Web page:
Dedicated streamers have always had a complicated relationship with theatrical, and I get it since their priority is to create value for their subscribers and shareholders. If you’re splitting box office with your competitors in a way, then you’re working against that priority. 


At the same time, theatrical is the preferred presentation among filmmakers and it just feels more meaningful and eventful. So, with Apple investing so heavily in theatrical, are they more able to do that since they have many other revenue streams besides just streaming? 

Absolutely. Apple and Amazon, compared to Netflix, have a different business model, and I think we’re getting the best of both worlds now. We have an incredibly supportive home studio paying for this movie, and they’ve let Ridley paint on this massive canvas. But then we have the great acumen of distribution release with [Chairman and CEO of Sony Pictures’ Motion Picture Group] Tom Rothman and [president, motion picture group] Josh Greenstein. So we have two studios that are the best at what they do, and they’re working together. So, for us, all boats rise with the tide. When you see a big billboard for this film’s theatrical release, that’s going to hopefully drive not only money to the box office, but it’s also going to drive people to Apple TV+. And when I first made the move to Apple, that theatrical conversation wasn’t in the forefront. That’s been a development with Zack, Jamie, Matt, [senior VP of services] Eddy Cue and [CEO] Tim Cook over the last six to twelve months. So we really got the best of both worlds. We get to have our cake and eat it, too. The movie is going to do what it does during a good 45-day theatrical window, and then it goes on the service in January.

If Netflix had more arms to their business like Apple and Amazon, I wonder if they’d be more open to wide theatrical releases. 

I have a huge amount of respect for those guys. I know [Netflix Chairman] Scott Stuber really well. Ridley and I produced a film [Earthquake Bird] there with my other colleague, Mike Pruss. They have a killer business. They’ve won the streaming number. They have so many eyeballs, but they don’t have another side of the business. Apple’s primary business, as you know, is telephones and computers. Amazon’s primary business is toilet paper and tennis shoes. We’ve made movies for all these places, and we’re lucky to have them all in the business. They’re bringing more movies to the marketplace, and they’re supporting filmmakers in a way that we aren’t always getting these days. I don’t know that I’d get Napoleon done at the price that I got it done if it was at another home, and I don’t know if I’d have the full creative support that Zack and Jamie have given Ridley and me and everybody else.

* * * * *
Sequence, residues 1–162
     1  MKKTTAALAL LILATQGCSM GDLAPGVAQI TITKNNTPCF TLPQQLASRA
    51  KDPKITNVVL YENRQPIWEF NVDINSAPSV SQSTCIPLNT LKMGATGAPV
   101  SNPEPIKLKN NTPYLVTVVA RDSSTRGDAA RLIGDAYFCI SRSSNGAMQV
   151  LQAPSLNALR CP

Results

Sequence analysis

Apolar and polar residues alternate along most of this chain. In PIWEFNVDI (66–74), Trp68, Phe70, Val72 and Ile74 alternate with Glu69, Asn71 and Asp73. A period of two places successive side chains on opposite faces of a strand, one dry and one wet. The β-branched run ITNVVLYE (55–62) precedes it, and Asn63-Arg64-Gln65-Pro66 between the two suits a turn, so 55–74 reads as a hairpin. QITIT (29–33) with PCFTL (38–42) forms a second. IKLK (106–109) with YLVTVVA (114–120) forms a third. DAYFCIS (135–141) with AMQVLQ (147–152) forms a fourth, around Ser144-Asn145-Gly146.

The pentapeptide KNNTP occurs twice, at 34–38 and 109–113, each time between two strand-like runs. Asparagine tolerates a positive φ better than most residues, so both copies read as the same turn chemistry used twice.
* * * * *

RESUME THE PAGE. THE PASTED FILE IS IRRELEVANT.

As we addressed earlier, problem-solving is a huge part of your job, and when you’re making a film like Napoleon that has multiple epic battles, there’s likely a bevy of problems that come with them. So, take the showstopper, the Battle of Austerlitz, for example, what was the biggest production challenge you had to face on that one?

That was really a lot of planning. They’re all massive amounts of planning. Ridley leads like a general, and no one can pull these things off in the way that he does. We do a weekly page turn with all of our [heads of department], and each Monday, we go through the problems. But Austerlitz was unique in that we shot it at multiple locations. We shot it in the hillsides of the U.K. where he filmed something from Gladiator, and then we did the second half of it at an old airport field where we did a bunch of the snow sequences and underwater tank stuff. And so it’s really just watching Ridley mesh that stuff together. I’ve worked with very few filmmakers that can visually take different sequences and segments and make them look all seamless.